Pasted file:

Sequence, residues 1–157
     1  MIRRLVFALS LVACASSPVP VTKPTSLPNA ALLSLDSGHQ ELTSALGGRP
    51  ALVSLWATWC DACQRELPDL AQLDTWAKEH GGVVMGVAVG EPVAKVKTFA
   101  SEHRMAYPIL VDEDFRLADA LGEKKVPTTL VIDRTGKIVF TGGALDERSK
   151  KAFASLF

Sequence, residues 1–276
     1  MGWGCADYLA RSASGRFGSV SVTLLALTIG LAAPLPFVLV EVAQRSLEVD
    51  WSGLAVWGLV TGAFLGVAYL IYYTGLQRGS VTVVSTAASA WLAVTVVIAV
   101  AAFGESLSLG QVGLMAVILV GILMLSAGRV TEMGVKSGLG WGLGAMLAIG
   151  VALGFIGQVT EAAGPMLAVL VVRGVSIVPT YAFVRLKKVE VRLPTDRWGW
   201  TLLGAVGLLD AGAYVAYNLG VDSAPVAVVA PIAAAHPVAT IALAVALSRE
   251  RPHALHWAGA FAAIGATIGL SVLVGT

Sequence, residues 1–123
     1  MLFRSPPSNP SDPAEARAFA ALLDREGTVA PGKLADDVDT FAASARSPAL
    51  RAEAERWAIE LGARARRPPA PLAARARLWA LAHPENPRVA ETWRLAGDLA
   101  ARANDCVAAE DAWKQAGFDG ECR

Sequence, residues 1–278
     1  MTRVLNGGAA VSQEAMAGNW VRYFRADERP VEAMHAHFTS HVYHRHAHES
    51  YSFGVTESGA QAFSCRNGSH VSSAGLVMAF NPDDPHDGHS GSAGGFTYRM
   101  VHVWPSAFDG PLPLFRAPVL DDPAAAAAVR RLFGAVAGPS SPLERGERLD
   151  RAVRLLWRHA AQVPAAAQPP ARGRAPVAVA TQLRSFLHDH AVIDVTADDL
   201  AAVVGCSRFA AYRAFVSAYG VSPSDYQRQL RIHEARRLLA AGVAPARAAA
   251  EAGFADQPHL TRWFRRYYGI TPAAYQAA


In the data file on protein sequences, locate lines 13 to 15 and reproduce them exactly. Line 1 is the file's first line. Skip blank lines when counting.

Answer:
Sequence, residues 1–123
     1  MLFRSPPSNP SDPAEARAFA ALLDREGTVA PGKLADDVDT FAASARSPAL
    51  RAEAERWAIE LGARARRPPA PLAARARLWA LAHPENPRVA ETWRLAGDLA